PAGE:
Emerson and other people associated with the group have testified as experts on terrorism at several U.S. congressional hearings, including as recently as 2016. Pete Hoekstra, a former congressman and former congressman senior fellow at IPT, served as ambassador to the Netherlands during the Trump administration.
Meanwhile, the group’s website is filled with anti-CAIR material, as well as articles that criticize Israel, and the organization openly asks for tips on “terrorism-related information”.
“Mr Emerson is not anti-Muslim, nor does he lead a ‘hate group,'” the group said in an email to Al Jazeera on Friday.
IPT also said it “never monitored and will never monitor the broader American Muslim community”, but “will not hesitate to expose and expose radical Islamic activities on American soil”.
But a 2011 report (PDF) by The Center for American Progress, a liberal American think tank, accused Emerson and his group of pressuring them to portray Islam as violent.
“Such exaggerated portraits of Islam as inherently radical require a degree of creativity on Emerson’s part,” the report said. “To prove he is up to the challenge, Emerson boasts a history of producing evidence that perpetuates radical Islamic conspiracies that infiltrate America through Muslim civil rights and advocacy organizations.”
The SPLC also has describe Emerson as an “anti-Muslim activist”.
Israel connection claimed
CAIR also accused IPT of “cooperating” with “Israeli officials”.
On Tuesday, the Muslim advocacy group shared screenshots it said an email exchange between Emerson and Israeli government officials showed him asking for possible ties between Students for Justice in Palestine, a student-led advocacy group active in U.S. universities, and the Palestinian faction Hamas.
Al Jazeera could not verify the authenticity of the screenshots. The Israeli embassy in Washington did not respond to requests for comment Thursday and Friday. CAIR did not say how he obtained the emails.
Nihad Awad, CEO of CAIR, said in a statement on December 14 that “Emerson’s hate group was communicating with and assisting Israeli intelligence with the office of then-Prime Minister Benjamin Netanyahu”.
“Let me say it again,” Awad wrote. “The Israeli government has collaborated with an anti-Muslim hate group.”
In a statement to Al Jazeera, IPT denied that Emerson or the organization “ever worked under the leadership of any government, foreign or domestic; and has never received any funding from any government, foreign or domestic ”.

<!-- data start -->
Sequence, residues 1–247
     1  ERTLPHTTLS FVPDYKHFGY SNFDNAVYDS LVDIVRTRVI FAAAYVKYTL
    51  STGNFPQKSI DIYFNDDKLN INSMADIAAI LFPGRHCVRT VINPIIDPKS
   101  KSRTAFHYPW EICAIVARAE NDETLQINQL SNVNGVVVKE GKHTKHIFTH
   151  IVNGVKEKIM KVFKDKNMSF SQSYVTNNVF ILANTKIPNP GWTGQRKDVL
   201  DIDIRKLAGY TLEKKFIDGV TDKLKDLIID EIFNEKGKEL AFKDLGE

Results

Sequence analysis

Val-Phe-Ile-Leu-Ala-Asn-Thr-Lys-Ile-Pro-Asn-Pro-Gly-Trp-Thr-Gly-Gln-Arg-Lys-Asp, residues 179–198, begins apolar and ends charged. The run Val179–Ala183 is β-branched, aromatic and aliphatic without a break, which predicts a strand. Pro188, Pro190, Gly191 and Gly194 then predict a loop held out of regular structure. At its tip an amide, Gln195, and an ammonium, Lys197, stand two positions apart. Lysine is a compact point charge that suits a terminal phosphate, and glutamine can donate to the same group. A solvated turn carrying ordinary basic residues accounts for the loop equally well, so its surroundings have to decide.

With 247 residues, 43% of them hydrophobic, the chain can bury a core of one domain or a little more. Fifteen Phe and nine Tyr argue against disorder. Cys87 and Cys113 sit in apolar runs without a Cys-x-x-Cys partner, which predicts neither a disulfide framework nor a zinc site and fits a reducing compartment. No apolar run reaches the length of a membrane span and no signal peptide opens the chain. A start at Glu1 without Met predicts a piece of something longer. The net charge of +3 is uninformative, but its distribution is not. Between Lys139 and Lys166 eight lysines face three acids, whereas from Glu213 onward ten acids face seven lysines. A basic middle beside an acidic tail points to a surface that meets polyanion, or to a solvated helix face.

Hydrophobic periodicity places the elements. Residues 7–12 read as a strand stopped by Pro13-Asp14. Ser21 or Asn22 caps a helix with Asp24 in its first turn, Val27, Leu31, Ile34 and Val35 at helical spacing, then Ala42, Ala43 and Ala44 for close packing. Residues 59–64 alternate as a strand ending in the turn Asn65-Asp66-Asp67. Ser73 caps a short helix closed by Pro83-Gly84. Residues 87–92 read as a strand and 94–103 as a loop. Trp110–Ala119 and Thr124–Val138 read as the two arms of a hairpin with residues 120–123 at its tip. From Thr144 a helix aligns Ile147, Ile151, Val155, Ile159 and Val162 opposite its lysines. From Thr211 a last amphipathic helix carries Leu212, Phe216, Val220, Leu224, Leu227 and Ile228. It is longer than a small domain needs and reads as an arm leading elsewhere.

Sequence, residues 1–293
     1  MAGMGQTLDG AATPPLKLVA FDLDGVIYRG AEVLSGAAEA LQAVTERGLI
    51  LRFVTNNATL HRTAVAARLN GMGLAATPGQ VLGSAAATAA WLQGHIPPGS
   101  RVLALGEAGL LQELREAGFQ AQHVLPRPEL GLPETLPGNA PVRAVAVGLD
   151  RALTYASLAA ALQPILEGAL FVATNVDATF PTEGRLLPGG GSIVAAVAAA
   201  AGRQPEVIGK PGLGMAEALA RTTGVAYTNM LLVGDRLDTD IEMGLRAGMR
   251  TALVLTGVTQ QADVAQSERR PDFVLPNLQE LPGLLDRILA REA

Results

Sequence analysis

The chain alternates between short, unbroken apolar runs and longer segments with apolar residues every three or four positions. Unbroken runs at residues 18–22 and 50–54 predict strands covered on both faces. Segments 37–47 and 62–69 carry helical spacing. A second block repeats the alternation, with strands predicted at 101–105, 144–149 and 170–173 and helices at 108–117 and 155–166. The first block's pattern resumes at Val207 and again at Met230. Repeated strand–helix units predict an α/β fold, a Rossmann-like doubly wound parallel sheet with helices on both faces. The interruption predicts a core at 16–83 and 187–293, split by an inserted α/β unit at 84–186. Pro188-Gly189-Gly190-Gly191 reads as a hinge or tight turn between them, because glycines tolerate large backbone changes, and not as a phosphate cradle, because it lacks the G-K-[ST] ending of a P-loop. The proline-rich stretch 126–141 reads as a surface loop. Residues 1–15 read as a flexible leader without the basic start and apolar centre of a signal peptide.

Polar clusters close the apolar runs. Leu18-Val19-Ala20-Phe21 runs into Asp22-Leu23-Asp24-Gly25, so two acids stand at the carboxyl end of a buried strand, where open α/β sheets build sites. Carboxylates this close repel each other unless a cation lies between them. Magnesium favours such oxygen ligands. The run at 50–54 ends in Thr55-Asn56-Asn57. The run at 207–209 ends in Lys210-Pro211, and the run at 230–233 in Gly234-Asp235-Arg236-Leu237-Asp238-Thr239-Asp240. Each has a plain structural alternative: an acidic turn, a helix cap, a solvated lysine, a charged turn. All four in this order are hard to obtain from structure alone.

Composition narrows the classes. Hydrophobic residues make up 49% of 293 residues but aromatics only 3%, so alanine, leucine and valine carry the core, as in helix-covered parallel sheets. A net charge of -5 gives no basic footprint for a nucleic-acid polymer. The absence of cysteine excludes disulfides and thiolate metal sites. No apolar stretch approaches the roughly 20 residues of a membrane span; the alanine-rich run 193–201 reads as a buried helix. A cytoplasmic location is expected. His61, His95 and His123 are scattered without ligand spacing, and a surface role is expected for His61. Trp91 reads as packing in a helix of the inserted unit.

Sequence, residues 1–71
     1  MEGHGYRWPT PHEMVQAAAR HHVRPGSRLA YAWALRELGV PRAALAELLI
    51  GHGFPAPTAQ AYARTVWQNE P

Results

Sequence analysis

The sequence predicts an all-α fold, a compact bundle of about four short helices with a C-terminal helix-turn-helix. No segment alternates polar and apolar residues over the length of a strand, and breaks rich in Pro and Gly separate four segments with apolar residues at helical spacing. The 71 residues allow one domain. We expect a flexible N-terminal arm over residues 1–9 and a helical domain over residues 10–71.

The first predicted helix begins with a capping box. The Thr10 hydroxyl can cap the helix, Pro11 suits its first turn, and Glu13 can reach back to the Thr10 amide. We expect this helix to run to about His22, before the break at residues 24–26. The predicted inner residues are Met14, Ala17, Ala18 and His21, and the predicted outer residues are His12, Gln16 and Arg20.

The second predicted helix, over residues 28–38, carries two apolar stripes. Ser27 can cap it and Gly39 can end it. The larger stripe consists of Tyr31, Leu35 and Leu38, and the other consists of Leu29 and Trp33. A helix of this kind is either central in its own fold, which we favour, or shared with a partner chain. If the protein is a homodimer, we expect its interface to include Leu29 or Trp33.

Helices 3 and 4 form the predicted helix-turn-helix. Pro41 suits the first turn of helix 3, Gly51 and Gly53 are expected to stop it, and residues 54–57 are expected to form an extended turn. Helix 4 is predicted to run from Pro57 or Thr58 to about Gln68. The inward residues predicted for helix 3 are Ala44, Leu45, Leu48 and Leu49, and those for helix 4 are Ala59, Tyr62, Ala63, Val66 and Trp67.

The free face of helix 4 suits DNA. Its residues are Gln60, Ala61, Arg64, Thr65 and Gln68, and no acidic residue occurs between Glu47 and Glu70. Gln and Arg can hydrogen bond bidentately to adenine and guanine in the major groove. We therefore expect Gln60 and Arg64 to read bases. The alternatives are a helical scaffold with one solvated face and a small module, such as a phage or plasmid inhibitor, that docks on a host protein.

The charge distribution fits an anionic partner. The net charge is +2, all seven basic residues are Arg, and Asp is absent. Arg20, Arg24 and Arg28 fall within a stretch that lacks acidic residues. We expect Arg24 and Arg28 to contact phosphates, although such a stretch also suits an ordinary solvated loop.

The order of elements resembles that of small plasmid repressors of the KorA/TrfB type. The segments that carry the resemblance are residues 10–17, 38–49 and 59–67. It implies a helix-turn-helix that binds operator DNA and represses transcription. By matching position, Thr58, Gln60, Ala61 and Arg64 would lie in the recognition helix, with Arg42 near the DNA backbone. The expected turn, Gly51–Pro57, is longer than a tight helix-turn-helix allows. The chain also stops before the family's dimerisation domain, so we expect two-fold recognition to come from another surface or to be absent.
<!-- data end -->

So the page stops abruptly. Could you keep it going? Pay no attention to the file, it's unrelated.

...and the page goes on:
Activists documented ties between right-wing, pro-Israel advocacy groups and organizations that perpetuate Islamophobia more commonly over the years.
“There is a definite link between Islamophobia and activism [against] pro-Palestinian causes, ”Ahmad, the law professor, said in general terms. “And it’s something we’ve seen happen not just in the last few months or years, but for decades.”
Abed Ayoub, legal director of the American Arab Anti-Discrimination Committee (ADC), a civil rights advocacy group, also said the alleged cooperation between Emerson and the Israeli government shows the overlap between anti-Palestinian sentiment and Islamophobia.
“This is a serious issue,” he told Al Jazeera.
Ayoub also compared the spying on Muslims to violent attacks on Arab-American civil rights organizations in the 1980s and 90s, including the assassination of ADC’s West Coast regional director Alex Odeh in a pipe bomb attack on his California office in 1985.
The FBI investigation into the bombing remains open. Many media reports linked the attack to the Jewish Defense League, which the SPLC describe as a “radical organization that promotes a violent form of anti-Arab, Jewish nationalism”.
Ayoub added that the recent incidents highlighted the need for vigilance in American Muslim and Arab communities – and called on federal authorities to investigate Emerson’s possible cooperation with the Israeli government.
“It exposes the extent to which [hate groups] “and this is something that the community needs to take seriously,” he said.
“It is time that we work to protect ourselves and have the right selection processes in place, to have the right behind-the-scenes safety measures in place in our technology, and to take these threats seriously. “Everyone who does civil rights work is a target.”